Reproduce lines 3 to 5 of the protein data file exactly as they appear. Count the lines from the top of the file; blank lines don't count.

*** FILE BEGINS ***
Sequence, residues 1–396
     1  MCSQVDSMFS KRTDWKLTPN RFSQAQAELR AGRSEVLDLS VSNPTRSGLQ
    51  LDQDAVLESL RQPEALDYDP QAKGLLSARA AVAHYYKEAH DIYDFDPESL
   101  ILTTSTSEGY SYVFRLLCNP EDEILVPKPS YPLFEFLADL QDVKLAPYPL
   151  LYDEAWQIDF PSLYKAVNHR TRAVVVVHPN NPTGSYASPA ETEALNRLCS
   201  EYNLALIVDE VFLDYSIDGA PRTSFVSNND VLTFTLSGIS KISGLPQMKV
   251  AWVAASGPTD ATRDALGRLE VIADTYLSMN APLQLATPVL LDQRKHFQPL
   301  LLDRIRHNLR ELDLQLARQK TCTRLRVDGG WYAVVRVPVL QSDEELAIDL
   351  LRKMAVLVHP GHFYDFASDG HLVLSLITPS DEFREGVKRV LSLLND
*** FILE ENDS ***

    51  LDQDAVLESL RQPEALDYDP QAKGLLSARA AVAHYYKEAH DIYDFDPESL
   101  ILTTSTSEGY SYVFRLLCNP EDEILVPKPS YPLFEFLADL QDVKLAPYPL
   151  LYDEAWQIDF PSLYKAVNHR TRAVVVVHPN NPTGSYASPA ETEALNRLCS